By Sunday evening, hundreds of people gathered in the area. Some jostled with police trying to disperse them. People held up blank sheets of paper as an expression of protest.
A Reuters witness saw police escorting people onto a bus which was later driven away through the crowd with a few dozen people on board.
On Saturday, the vigil in Shanghai for victims of the apartment fire turned into a protest against COVID curbs, with the crowd chanting calls for lockdowns to be lifted.
“Down with the Chinese Communist Party, down with Xi Jinping”, one large group chanted in the early hours of Sunday, according to witnesses and videos posted on social media, in a rare public protest against the country’s leadership.
URUMQI, BEIJING, WUHAN
Thursday’s fire in Urumqi was followed by crowds there taking to the street on Friday evening, chanting “End the lockdown!” and pumping their fists in the air, according to unverified videos on social media.
On Sunday, a large crowd gathered in the southwestern metropolis of Chengdu, according to videos on social media, where they also held up blank sheets of paper and chanted: “We don’t want lifelong rulers. We don’t want emperors,” a reference to Xi, who has scrapped presidential term limits.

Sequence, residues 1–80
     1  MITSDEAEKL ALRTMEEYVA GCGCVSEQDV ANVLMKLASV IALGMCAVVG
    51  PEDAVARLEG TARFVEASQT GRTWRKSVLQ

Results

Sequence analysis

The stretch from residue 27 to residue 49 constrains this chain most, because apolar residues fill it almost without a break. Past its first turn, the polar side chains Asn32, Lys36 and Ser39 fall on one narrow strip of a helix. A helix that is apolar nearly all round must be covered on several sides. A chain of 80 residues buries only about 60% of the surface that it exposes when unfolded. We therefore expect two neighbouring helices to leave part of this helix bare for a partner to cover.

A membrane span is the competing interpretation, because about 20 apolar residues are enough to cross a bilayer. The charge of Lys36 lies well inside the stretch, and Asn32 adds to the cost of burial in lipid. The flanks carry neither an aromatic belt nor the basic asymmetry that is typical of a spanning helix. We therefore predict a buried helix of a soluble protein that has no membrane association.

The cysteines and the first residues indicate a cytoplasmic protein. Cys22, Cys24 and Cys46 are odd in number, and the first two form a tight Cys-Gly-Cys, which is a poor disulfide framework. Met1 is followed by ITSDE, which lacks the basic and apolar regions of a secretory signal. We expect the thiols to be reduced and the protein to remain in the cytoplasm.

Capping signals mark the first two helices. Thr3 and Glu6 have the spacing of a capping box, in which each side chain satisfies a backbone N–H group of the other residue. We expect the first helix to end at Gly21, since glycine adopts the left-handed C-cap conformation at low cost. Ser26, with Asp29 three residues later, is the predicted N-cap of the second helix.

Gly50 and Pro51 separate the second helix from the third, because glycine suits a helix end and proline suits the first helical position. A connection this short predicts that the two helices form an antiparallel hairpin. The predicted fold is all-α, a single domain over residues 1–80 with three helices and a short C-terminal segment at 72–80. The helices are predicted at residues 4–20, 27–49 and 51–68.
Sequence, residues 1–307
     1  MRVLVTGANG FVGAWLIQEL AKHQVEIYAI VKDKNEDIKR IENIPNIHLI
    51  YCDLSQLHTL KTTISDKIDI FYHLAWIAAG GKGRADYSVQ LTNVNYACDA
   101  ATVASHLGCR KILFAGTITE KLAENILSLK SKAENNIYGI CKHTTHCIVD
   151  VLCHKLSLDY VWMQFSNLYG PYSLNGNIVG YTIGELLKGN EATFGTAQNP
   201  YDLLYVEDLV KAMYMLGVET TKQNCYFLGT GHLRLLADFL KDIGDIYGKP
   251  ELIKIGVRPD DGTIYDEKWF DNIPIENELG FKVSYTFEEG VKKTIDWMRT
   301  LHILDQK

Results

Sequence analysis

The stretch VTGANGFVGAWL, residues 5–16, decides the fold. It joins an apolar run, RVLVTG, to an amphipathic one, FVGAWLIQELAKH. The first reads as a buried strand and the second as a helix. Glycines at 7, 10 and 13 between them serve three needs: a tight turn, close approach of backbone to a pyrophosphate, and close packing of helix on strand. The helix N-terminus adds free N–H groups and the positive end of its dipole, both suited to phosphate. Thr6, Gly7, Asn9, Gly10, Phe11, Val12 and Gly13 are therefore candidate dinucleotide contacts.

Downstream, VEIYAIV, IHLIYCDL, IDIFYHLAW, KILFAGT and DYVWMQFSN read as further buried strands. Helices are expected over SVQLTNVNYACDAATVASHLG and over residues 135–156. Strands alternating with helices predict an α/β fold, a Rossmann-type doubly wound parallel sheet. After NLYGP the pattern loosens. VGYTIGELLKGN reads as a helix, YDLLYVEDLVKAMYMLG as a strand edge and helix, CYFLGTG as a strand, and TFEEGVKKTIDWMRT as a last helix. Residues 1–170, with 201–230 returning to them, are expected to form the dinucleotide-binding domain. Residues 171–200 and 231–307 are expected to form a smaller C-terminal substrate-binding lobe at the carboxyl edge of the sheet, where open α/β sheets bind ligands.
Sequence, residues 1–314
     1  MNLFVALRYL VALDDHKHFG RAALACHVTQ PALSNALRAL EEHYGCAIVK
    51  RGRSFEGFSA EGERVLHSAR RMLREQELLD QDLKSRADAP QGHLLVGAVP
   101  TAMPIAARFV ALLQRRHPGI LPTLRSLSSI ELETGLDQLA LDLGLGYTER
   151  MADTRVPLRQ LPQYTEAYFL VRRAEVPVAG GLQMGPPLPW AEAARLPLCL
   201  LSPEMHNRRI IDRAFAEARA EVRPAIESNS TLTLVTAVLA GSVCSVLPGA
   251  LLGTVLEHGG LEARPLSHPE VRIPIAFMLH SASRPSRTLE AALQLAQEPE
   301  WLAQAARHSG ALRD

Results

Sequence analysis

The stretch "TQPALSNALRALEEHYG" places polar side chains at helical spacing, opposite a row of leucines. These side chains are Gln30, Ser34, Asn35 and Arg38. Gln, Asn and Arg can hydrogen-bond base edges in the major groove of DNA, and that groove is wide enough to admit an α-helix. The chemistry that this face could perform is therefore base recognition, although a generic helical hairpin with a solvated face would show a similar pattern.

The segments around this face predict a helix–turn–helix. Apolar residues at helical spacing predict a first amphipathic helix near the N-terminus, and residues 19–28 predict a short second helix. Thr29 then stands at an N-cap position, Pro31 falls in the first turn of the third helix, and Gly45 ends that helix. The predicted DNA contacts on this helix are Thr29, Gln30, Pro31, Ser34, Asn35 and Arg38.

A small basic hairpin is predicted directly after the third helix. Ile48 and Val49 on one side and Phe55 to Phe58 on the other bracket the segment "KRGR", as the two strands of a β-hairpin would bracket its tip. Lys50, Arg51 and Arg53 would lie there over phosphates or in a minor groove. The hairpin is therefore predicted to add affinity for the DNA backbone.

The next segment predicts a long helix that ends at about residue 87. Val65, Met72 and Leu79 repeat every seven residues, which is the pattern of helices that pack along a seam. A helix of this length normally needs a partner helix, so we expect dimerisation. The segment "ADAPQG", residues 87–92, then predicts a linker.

In the central city of Wuhan, where the pandemic began three years ago, videos on social media showed hundreds of residents take to the streets, smashing through metal barricades, overturning COVID testing tents and demanding an end to lockdowns.
Other cities that have seen public dissent include Lanzhou in the northwest, where residents on Saturday overturned COVID staff tents and smashed testing booths, posts on social media showed. Protesters said they were put under lockdown even though no one had tested positive.
The videos could not be independently verified.
At Beijing’s prestigious Tsinghua University on Sunday, dozens of people held a peaceful protest against COVID restrictions during which they sang the national anthem, according to images and videos posted on social media.
One student who saw the Tsinghua protest described feeling taken aback by the action at one of China’s most elite universities – and Xi’s own alma mater.